One of the underlying strategies for both action research and doctoral work is that before you take action or move forward with research you must understand what is already known about your topic. In academic terms this is called a review of literature. Therefore, the natural thing for me to do this morning, focused as I am on finding models for reinventing life over 60, to proceed with my strategy towards building the healthiest and most abundant possible next stage of life, is to understand what is known about thriving elder years and to find models or mentors who will introduce me to patterns on which I can build.
Reinventing Life @60+
It is a luxury to work with a life coach. Rather than having to keep constant watch (as we all do) on our thoughts and moods in our attempt to keep them pointing in the best, positive and life affirming direction, we have a partner who watched with us. This companionship also offers new ideas, processes, etc. proven to help. In general, a life coach is a comfort, and if you can afford one I highly recommend the experience.
What are your dragons? Depression, criticism from others, self-doubt, or fear? Each and all of these in turn can completely stop my, your, our, progress as we move forward in life. Unfortunately, the norm of our society is that with a certain age we stop taking on the risky challenges and instead lead a peaceful life at the spot where ever we are planted.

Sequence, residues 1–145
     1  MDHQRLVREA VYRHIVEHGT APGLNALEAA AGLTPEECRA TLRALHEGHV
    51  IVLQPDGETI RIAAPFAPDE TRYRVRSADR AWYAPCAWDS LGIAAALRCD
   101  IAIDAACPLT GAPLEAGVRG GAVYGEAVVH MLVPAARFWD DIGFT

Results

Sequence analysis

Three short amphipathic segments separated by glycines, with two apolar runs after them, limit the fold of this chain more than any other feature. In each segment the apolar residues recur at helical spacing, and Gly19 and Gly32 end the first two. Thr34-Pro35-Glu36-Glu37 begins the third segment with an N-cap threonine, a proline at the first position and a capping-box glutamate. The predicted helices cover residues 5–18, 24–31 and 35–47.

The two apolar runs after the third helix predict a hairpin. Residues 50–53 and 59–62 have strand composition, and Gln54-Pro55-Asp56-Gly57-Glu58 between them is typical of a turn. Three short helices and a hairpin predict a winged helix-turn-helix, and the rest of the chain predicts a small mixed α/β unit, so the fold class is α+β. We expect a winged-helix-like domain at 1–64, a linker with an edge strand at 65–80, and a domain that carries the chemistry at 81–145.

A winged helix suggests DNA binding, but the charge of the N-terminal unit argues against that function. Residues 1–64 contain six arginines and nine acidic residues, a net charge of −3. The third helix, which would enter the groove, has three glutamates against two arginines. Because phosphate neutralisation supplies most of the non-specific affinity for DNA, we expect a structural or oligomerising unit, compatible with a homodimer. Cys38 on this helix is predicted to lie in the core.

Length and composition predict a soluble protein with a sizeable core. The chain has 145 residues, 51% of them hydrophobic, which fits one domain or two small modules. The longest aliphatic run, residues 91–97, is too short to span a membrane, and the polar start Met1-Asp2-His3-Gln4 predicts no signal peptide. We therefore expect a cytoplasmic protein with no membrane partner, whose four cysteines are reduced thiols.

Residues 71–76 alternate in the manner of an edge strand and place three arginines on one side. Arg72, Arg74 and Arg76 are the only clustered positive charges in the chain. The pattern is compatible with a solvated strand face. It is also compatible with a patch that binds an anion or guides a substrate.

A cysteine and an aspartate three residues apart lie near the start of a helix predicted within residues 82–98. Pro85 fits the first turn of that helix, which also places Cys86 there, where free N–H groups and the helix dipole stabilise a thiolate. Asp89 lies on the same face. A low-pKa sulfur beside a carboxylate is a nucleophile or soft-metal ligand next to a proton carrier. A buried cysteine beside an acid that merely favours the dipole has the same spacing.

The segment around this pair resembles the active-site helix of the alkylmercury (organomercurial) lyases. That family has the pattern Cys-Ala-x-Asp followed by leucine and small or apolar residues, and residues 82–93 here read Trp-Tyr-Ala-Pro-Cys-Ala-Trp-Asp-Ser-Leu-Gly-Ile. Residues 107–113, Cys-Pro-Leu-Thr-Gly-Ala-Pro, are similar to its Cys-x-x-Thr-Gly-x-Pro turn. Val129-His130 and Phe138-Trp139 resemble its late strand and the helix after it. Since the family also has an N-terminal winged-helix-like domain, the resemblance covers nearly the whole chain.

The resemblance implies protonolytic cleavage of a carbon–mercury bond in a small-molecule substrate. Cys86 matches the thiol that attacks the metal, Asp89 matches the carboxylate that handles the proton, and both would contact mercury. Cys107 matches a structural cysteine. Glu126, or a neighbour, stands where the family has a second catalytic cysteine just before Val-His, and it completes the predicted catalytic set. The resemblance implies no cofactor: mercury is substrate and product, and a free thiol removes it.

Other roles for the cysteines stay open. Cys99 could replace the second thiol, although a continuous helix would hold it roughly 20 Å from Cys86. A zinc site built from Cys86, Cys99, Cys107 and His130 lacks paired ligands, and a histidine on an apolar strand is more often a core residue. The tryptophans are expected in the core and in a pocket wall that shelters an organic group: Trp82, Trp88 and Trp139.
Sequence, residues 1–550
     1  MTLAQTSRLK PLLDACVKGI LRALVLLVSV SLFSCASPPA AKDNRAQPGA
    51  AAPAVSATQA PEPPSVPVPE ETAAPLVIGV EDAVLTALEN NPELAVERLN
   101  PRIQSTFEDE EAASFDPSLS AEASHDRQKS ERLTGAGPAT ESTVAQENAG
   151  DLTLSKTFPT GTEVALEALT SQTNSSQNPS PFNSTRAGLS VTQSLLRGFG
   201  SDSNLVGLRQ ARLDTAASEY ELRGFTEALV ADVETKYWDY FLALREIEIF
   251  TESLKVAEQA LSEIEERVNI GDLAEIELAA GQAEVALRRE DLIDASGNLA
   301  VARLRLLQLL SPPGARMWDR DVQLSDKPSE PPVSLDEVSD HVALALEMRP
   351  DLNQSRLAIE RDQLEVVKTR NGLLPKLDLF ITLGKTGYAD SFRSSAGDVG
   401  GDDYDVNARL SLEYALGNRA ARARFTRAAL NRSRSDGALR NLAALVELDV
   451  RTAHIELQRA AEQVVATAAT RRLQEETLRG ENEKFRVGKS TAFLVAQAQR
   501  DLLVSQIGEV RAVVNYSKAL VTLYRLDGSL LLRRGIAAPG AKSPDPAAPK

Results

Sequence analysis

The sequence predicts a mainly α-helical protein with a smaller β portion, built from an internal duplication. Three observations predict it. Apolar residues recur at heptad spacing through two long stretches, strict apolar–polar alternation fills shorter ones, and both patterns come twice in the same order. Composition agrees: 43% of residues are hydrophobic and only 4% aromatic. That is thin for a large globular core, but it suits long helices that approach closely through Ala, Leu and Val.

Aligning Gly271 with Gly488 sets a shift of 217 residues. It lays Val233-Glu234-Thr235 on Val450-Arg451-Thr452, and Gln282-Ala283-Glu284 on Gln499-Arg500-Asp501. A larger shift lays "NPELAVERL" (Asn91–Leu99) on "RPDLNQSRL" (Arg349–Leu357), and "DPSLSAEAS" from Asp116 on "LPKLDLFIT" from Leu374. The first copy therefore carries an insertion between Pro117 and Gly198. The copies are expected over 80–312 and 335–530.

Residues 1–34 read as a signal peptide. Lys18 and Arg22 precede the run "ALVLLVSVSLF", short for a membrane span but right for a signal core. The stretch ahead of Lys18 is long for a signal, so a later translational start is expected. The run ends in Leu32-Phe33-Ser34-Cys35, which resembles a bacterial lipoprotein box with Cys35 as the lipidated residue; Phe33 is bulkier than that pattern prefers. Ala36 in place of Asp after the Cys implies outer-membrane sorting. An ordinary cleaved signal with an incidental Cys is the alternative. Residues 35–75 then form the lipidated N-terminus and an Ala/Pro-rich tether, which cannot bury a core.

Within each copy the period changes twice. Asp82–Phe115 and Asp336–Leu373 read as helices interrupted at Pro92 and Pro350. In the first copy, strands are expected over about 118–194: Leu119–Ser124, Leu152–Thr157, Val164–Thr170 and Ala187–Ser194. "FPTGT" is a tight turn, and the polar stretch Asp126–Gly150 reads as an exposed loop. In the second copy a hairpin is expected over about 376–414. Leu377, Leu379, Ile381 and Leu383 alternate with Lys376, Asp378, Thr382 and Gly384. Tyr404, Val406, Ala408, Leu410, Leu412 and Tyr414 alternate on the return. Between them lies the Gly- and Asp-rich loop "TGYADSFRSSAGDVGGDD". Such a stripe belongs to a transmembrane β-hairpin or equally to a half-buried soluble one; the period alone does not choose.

I'm starting a journey towards a greater experience of wealth. There are other articles here that describel CieAura's wonderful Holographic chips and that is part of the work I am doing, which, along with DoctoralNet.com and the books I write are three strategies known in the world to build wealth. But what is wealth? How will I know when I have it and what feelings, experiences, etc will it engender? We can't draw things to us before we can live them in our imaginations.
Martin Seligman has a new theory. Who is Martin Seligman and why is this important? Dr. Seligman is the founder and one of the most prolific advocates of positive psychology. He is also a man for whom I have great respect. A maverick at heart, he flew in the face of a psychological tradition that looked for only disease and went on to develop scientific evidence about what leads to a positive and happy life.
At the time of this writing, in the winter of 2010, I am 57 years of age. I start with that because this is an age where people wrestle with thoughts about whether or not they are getting old. It is also a time where we can stand poised on the beginning of reinventing our lives, determined to age well, embrace change, and keep learning.